Responding to Tragedy

Responding to Tragedy

Many of us right now are thinking about and praying for the folks at Virginia Tech. Others closer to the scene are responding as their duty calls them. But it’s an ill wind that blows no one good, and there are two groups of people who thrive on this sort of thing: The news media, and political activists.

One can’t blame the media for thriving on disaster, because so many of us glue our eyes to the TV during an event like this, just looking for the latest tidbit of information that they can dig up. Our tendency is to criticize the media for overplaying the situation, finding everyone who may have heard a gunshot and interviewing them, and bringing in commentators to make lengthy comments on things they cannot possibly no. The media provides it because we watch it. They even got me for about 15 minutes, but after that I moved on, and I’ll keep up with written stories on the internet (MSNBC story).

For political activists a tragedy like this is a godsend. People’s emotions are stirred up. They want a solution and are less anxious to spend time considering how effective a course of action will be. If it looks good, they’re liking to jump on board. So for people with pet projects, this is the time to get out there and pitch them if there is any possibility that someone might think they’re related to the cause of the tragedy.

Whether it’s gun control, or increased gun ownership, censorship of violent movies or video games, greater police presence, less restrictions on police monitoring of citizens, increased education, drug legalization or greater drug enforcement, restriction or increase of immigration, or whatever it is, people will [immoderate metaphor stricken with apologies, see comments-HN] quickly appear on television/radio with their pet projects. I’m sure there are readers for whom many of these things are pet issues, and they may well be offended at my list. I’m not sure it is balanced between conservative and liberal causes, but it could be if I thought some more.

What the rest of us need to do is demand that as actions are taken they are carefully chosen for their effectiveness. Just because something looks like it will doesn’t mean that it will. Politicians will be glad to pass legislation that will make their constituents feel better. It’s quite irrelevant whether it actually works. In fact, it’s very difficult to get government projects tested for their efficacy. Generally we assume that if the government has an Office for Making Everyone Safer, that office will actually make everyone safer.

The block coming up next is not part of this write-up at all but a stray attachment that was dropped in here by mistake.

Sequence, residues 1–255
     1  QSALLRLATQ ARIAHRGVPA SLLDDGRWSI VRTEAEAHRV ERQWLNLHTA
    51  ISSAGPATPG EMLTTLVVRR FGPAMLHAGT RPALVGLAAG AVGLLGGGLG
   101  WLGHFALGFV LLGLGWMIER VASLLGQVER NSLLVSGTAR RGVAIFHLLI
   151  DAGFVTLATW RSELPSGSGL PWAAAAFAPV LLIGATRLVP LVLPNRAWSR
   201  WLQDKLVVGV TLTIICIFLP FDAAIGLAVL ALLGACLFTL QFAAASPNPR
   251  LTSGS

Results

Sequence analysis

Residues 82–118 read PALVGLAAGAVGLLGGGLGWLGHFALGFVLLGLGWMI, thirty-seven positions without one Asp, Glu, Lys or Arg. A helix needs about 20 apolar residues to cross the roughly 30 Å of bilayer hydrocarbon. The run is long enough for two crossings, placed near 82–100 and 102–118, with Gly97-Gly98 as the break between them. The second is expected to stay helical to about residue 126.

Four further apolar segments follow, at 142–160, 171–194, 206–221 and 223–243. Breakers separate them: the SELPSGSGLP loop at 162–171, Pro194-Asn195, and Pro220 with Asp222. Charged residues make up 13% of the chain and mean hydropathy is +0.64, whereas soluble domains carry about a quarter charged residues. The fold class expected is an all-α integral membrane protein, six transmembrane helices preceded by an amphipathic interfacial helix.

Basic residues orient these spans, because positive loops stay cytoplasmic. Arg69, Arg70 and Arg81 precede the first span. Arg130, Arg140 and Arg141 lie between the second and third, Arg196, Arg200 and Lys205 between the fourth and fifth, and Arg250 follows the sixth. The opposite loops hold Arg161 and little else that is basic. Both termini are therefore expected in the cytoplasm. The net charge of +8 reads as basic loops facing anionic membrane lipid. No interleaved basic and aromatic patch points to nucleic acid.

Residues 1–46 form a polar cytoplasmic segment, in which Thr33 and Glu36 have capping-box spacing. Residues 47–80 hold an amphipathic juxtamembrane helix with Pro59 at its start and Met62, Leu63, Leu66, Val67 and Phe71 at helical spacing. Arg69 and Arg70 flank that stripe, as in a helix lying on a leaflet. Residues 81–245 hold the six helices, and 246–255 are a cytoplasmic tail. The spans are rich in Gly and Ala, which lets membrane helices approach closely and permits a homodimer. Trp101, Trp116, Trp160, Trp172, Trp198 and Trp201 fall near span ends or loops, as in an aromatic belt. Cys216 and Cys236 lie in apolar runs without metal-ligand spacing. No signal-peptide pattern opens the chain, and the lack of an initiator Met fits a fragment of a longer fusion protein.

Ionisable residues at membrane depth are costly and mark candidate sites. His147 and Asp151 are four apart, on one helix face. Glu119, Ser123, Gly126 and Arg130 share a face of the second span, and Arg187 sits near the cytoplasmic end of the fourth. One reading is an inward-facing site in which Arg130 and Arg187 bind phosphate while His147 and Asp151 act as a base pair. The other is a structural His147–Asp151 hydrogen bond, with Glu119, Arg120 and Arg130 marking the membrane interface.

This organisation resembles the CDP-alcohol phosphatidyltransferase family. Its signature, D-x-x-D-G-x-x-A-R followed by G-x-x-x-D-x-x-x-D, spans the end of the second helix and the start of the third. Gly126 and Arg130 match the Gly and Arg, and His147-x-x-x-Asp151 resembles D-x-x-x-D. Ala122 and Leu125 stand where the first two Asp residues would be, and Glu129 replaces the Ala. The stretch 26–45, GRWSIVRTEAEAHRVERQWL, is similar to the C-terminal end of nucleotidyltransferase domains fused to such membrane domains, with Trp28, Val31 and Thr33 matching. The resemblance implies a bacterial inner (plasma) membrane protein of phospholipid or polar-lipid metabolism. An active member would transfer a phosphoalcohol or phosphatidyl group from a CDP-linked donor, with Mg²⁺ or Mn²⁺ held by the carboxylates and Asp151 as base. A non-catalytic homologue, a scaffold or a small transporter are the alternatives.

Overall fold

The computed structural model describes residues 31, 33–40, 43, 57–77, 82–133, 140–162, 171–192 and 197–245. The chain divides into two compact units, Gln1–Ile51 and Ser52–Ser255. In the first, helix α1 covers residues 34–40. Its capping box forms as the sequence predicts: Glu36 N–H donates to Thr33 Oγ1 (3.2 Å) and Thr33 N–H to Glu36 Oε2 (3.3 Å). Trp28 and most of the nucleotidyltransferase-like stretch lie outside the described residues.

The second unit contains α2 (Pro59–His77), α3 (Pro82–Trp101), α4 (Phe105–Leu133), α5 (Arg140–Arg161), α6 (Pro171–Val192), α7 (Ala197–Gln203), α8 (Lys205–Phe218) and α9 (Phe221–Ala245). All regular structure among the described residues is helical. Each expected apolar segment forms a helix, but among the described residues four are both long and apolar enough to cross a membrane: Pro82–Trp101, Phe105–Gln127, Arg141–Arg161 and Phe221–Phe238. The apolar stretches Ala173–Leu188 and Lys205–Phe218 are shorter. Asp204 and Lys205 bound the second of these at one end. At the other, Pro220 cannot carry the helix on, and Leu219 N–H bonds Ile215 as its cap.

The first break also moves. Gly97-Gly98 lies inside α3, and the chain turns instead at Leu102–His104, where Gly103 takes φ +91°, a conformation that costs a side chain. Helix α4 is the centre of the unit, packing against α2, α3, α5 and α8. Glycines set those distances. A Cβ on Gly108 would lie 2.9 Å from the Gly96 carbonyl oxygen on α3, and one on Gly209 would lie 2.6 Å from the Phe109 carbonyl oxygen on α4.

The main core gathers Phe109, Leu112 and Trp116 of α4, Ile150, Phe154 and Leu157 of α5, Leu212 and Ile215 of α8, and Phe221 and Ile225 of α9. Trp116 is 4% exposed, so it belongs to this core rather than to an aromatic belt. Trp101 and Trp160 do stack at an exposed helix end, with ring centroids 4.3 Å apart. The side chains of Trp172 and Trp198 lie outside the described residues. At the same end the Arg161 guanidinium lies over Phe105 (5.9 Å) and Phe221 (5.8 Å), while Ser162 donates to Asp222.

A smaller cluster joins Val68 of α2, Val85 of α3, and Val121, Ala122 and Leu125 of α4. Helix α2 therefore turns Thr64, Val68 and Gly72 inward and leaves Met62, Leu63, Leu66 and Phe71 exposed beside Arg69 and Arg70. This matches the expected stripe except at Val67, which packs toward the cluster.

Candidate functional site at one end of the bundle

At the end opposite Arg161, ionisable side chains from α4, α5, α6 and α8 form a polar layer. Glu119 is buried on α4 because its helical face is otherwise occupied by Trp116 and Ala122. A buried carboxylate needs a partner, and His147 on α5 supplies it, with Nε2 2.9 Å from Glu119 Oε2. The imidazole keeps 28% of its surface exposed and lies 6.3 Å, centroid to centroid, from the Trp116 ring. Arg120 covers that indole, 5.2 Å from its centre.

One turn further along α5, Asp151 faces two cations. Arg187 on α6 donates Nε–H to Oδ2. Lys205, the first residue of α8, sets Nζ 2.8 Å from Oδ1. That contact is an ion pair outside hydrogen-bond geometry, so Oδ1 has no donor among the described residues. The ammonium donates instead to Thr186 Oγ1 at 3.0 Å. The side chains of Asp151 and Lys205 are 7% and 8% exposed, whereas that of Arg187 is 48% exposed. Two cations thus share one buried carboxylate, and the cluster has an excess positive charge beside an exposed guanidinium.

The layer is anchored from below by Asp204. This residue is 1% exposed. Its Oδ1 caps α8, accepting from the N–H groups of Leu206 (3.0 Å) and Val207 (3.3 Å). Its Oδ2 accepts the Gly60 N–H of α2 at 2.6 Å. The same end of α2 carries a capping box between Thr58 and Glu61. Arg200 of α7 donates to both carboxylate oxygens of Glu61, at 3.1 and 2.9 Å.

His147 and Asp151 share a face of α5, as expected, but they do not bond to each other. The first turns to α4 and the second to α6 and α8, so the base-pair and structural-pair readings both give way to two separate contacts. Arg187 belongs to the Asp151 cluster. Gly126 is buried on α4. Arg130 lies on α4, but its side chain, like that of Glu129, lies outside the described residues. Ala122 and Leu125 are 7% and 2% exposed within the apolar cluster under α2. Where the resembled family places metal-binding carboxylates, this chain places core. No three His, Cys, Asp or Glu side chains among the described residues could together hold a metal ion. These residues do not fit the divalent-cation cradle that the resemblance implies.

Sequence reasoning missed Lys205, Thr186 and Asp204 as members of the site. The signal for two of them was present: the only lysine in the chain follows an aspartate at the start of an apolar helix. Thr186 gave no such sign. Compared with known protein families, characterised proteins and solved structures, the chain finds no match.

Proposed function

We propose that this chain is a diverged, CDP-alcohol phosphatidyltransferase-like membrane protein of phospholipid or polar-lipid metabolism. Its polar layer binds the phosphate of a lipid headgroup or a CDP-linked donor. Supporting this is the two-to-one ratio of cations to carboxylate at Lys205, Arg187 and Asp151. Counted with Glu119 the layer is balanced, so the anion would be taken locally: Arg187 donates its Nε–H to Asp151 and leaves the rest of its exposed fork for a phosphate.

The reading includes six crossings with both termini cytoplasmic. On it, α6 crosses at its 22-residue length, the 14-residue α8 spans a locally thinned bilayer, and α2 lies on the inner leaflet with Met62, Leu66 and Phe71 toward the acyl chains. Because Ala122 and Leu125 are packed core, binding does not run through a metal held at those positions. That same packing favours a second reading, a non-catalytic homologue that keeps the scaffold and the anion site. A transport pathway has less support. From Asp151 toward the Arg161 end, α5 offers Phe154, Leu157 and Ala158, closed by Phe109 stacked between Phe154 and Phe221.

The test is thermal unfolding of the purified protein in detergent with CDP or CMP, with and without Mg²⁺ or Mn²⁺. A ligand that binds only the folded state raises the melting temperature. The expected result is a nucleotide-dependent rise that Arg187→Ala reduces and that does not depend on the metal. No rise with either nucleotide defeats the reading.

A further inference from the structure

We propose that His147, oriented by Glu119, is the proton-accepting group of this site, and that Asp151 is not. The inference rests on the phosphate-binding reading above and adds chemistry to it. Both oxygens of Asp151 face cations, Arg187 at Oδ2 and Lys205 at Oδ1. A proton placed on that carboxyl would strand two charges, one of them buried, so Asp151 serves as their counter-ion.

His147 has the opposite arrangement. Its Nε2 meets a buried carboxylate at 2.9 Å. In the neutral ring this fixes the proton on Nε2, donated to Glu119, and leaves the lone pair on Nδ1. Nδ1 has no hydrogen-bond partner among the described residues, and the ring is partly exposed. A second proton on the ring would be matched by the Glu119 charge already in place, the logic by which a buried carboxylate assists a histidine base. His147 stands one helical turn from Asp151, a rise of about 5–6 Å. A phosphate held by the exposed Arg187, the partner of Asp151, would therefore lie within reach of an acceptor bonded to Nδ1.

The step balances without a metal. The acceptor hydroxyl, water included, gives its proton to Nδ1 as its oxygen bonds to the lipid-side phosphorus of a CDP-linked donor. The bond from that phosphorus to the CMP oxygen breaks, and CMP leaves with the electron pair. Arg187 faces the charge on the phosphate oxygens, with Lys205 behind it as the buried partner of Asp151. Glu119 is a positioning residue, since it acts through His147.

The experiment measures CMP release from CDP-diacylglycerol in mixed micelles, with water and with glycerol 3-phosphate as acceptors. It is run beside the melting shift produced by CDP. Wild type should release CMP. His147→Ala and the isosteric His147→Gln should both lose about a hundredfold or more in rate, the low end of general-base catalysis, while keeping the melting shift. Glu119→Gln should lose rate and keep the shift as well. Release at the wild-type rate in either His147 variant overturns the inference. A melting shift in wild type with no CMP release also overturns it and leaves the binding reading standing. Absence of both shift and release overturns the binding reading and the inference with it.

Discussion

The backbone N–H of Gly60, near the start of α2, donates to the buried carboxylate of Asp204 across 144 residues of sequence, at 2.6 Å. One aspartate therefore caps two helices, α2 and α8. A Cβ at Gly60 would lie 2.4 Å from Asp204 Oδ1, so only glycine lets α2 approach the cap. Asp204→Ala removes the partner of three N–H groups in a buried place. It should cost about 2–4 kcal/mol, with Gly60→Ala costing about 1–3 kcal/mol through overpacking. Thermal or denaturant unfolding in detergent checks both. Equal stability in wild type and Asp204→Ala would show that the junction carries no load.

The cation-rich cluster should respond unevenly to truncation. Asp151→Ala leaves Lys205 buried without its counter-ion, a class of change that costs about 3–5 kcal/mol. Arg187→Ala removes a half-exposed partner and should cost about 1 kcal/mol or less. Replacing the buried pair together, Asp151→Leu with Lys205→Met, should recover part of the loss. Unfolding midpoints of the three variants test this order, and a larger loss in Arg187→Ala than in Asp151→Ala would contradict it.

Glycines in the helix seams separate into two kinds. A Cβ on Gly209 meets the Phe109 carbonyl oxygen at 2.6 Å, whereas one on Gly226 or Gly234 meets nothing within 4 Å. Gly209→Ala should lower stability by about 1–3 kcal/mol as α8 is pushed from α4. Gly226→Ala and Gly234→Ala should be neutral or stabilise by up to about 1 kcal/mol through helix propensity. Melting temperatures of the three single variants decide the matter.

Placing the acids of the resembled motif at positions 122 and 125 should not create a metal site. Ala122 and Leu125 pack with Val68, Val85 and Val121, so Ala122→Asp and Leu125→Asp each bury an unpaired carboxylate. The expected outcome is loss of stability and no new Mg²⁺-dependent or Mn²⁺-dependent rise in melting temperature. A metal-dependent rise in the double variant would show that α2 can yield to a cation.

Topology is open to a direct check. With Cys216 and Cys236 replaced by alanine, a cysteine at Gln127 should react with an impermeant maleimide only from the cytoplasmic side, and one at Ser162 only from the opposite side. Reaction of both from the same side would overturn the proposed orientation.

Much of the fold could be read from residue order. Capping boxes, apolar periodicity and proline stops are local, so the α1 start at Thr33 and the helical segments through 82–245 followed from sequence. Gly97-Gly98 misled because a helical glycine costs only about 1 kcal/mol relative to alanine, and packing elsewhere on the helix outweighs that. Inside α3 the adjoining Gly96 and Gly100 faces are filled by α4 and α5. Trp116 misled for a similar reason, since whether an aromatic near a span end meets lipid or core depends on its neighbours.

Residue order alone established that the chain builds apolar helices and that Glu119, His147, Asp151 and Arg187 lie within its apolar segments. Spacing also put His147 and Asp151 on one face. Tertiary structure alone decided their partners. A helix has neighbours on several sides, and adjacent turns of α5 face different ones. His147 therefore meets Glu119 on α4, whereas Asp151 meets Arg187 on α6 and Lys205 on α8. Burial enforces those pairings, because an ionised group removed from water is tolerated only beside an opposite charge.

So let the sympathy flow to the families, but keep your other emotions under control. Check out what is and isn’t done and check out just how effective it is. After all just because there are violent video games and there are violent people doesn’t mean that one caused the other. It’s a connection that has to be checked.

3 thoughts on “Responding to Tragedy

  1. I agree with your point. It needed saying. I very much appreciate your blog and have frequently found it thought-provoking and helpful to me.

    I do hope, though, that you will reconsider the use of the phrase “crawl out of the woodwork,” a metaphor that compares the subject of the sentence to disease-infested insects like roaches. I’d like to see us all avoid any comparisons that even vaguely imply a de-humanization of other people, suggesting a reduction of people to something nasty that might need to be eliminated.

    Though I know you only from your online writing, such a comparison is so far from the view of the world presented on your blog as a whole that I feel certain the phrase was used more as a casual cliche than as any intended actual comparison.

    But metaphors do matter. In this case the language, I think, could convey an implication you didn’t mean.

  2. Julia,

    You make a good point about the use of metaphor, and my choice of words was unfortunate at best. Immoderate language used to commend moderation–ironic.

    My motivations were not quite so pure as you so kindly suggest, however. I was a bit frustrated that there were already activists out pushing their favorite policy based on the tragedy, and so the phrase was born of annoyance.

    Nonetheless, it was not a nice thing to say, and was unnecessary. My apologies.

Comments are closed.

Comments are closed.